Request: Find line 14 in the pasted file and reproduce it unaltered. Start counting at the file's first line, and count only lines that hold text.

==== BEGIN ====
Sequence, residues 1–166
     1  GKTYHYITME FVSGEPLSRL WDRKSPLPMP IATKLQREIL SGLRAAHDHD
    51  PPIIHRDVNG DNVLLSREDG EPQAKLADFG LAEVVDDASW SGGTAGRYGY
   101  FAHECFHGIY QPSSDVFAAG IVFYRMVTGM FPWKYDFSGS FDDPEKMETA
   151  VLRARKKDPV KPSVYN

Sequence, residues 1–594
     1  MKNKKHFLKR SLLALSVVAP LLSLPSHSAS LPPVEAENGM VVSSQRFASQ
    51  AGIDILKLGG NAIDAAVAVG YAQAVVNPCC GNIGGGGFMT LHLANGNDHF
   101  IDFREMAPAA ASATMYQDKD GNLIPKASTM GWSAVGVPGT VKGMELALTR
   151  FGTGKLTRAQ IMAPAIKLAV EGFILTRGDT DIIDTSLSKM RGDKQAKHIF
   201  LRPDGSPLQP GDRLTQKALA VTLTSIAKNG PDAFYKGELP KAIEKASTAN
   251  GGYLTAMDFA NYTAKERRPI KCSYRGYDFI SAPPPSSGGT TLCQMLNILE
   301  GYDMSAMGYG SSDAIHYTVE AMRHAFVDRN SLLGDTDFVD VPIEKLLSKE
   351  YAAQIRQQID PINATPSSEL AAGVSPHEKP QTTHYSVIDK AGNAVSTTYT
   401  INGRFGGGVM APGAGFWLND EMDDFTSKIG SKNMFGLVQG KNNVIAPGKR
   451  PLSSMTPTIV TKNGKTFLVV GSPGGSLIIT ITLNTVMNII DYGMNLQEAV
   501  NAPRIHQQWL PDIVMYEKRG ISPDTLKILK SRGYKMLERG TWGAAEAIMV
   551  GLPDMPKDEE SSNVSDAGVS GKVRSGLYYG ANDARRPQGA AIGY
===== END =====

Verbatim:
   351  YAAQIRQQID PINATPSSEL AAGVSPHEKP QTTHYSVIDK AGNAVSTTYT